The third threat facing leaders at Cannes was the faltering global recovery and the persistence of high levels of unemployment, particularly youth unemployment. The Cannes Action Plan was subtitled “Growth and Jobs” because unemployment had become a political hot potato, with the concerns over growth, global imbalances and exchange rates stemming primarily from this. If the sleight of hand in the employment data is discounted to take stock of discouraged workers who have abandoned their job search, and thereby by definition not being unemployed any more, the employment scenario has only worsened in most parts of the developed world since Cannes. Growth and jobs will, therefore, once again be near the top of the Los Cabos agenda, especially with near-term economic data from the US, the UK, the euro zone, and even major emerging markets like China, Brazil and India pointing towards another synchronised downturn.
The fourth threat to the global economy apparent at Cannes was the volatility and buoyancy in oil markets which were out of step with the depressed state of global demand and confidence, and which threatened to derail the recovery in emerging markets. This threat not only remains as strong as it was at Cannes, but is possibly graver on account of a new threat of a supply shock emanating from sanctions against Iran.
So what has changed materially since Cannes? Firstly, Spanish, Italian and French sovereign bond yields rose after the Cannes summit, but are now rising prior to the summit. Secondly, while there is now greater confidence that the current account surplus of the country accounting for the biggest global imbalance, namely China, may have shrunk permanently, this is countervailed by the realisation that the biggest source of global imbalances has now shifted to the oil exporting countries (mainly Opec, Norway and Russia). The G20 would need to devise a new strategy to deal with this new imbalance. Thirdly, with electorates revolting against austerity, the credibility of G20 commitments will be closely scrutinised by markets.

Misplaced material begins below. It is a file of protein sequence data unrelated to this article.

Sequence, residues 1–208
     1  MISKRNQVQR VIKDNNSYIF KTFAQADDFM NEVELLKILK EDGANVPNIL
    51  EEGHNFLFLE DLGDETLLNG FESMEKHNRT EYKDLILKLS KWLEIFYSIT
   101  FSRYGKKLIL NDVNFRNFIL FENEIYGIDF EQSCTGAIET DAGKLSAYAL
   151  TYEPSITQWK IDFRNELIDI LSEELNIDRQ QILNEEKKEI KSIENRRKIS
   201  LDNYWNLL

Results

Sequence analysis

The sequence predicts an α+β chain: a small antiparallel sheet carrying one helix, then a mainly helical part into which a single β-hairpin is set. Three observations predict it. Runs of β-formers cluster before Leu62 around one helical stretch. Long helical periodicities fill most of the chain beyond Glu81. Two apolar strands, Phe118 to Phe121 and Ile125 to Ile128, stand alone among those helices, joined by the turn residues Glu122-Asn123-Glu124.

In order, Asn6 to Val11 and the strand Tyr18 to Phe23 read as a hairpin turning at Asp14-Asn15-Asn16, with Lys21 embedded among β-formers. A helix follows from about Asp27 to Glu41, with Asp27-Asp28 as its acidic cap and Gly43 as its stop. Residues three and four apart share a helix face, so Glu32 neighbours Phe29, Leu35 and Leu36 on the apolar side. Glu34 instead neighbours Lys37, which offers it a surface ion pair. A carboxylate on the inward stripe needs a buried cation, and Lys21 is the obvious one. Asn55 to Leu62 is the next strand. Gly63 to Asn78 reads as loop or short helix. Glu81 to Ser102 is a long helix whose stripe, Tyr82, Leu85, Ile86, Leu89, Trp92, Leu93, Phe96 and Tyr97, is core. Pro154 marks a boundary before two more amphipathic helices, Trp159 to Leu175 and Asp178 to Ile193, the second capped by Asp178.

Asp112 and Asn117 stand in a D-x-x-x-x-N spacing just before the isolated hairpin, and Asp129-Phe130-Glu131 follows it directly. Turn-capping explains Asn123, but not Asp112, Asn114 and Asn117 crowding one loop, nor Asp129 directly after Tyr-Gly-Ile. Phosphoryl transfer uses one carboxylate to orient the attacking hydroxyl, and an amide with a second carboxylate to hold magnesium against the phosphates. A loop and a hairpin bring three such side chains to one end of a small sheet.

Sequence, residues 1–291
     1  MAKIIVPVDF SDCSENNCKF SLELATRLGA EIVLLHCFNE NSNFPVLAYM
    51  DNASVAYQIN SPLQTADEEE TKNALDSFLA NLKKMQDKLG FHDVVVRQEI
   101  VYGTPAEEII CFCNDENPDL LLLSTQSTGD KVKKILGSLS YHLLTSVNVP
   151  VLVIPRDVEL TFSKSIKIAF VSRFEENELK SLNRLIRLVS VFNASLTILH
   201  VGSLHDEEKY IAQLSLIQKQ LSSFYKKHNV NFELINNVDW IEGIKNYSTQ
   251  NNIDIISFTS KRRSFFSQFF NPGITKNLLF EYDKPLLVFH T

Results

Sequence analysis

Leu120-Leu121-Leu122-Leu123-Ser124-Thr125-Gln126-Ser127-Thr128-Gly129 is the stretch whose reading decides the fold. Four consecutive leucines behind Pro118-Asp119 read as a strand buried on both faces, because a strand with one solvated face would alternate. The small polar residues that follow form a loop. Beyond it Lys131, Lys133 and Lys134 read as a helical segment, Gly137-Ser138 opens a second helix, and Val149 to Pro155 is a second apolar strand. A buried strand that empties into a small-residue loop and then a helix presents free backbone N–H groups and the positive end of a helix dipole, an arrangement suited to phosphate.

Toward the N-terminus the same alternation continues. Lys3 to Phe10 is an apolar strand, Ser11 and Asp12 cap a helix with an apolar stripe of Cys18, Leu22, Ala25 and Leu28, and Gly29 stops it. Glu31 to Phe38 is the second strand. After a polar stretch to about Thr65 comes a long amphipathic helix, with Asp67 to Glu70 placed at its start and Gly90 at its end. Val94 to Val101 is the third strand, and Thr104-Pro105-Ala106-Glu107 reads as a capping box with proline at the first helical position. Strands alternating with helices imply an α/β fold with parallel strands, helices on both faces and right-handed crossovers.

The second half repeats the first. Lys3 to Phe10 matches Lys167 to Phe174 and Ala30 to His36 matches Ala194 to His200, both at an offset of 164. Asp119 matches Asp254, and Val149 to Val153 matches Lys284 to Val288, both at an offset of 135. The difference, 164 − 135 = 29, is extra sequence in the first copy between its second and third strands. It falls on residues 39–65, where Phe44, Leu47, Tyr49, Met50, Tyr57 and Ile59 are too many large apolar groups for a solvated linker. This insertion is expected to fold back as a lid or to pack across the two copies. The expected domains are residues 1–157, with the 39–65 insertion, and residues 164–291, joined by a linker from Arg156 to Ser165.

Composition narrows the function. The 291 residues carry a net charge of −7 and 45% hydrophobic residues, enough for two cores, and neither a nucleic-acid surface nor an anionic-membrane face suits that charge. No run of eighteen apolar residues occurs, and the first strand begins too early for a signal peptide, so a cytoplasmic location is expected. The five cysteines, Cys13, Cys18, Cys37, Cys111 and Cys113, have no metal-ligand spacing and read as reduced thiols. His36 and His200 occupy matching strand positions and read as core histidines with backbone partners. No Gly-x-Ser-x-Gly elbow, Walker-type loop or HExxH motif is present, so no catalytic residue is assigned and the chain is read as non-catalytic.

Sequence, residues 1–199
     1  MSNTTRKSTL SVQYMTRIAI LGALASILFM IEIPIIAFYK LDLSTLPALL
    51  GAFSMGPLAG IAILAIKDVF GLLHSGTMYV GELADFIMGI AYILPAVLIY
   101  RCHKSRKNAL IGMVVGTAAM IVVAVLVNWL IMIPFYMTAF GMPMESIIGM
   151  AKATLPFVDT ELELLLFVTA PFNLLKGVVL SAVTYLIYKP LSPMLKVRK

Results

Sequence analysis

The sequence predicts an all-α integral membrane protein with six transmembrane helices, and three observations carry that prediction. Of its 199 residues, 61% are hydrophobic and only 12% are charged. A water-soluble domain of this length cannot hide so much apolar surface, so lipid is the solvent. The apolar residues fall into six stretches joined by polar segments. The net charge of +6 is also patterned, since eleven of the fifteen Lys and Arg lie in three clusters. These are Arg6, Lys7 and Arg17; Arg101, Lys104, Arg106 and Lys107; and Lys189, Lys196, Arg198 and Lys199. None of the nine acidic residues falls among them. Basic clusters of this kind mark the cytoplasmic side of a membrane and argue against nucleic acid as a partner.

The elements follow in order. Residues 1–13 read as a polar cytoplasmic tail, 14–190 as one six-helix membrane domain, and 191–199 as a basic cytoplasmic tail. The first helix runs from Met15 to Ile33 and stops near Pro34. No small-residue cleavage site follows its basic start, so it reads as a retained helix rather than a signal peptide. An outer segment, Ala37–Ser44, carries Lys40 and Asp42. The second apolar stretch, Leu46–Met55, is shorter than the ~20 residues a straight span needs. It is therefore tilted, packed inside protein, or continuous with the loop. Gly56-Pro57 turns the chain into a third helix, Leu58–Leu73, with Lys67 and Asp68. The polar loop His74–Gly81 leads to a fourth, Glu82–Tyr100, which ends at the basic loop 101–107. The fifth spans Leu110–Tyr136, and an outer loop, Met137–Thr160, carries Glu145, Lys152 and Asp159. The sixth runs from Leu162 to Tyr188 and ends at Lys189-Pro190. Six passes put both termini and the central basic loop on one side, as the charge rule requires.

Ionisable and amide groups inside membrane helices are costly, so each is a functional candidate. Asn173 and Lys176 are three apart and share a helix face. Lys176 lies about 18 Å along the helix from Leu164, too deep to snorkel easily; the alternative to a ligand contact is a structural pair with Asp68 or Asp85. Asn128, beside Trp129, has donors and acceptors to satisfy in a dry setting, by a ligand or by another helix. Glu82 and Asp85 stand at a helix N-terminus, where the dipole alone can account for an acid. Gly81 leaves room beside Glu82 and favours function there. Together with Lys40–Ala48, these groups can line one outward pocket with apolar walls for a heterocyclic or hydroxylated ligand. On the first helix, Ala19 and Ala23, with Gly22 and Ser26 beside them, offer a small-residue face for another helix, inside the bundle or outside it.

The Los Cabos summit would also need to address three important sensitivities. First, Germany is unlikely to take kindly to the G20 meddling with what it considers to be an internal matter of the euro zone, thereby undermining the G20’s new halo as the principal forum for global economic cooperation. Second, Mexico’s overarching focus on “green growth” is in the cross hairs of its American neighbour, Brazil, which feels that this would undermine their Rio+20 summit to be held immediately after the G20 summit. Third, China is peeved with the G20 not giving it due credit for its rebalancing efforts.
Such daunting challenges and sensitivities call for global leadership and statesmanship of a high order, of the kind displayed by the US and the UK (recall Gordon Brown and the trillion-dollar London summit) in the immediate aftermath of the global financial crisis. This appears unlikely at this juncture as the big three of the G20, namely the US, Germany and China, face elections and/or the prospects of a leadership change within a year of the Los Cabos summit.
While the medium-term agenda of the G20 is progressing satisfactorily, the outcome of the Los Cabos summit is likely to be assessed on its ability to effectively address these four big imminent threats. With an apparent crisis of leadership, nobody is holding their breath at what the outcome from the seventh G20 summit would be. The expectations from Los Cabos now appear to be so low that the summit can only surprise on the upside, not on the downside.
The writer is a civil servant. These views are personal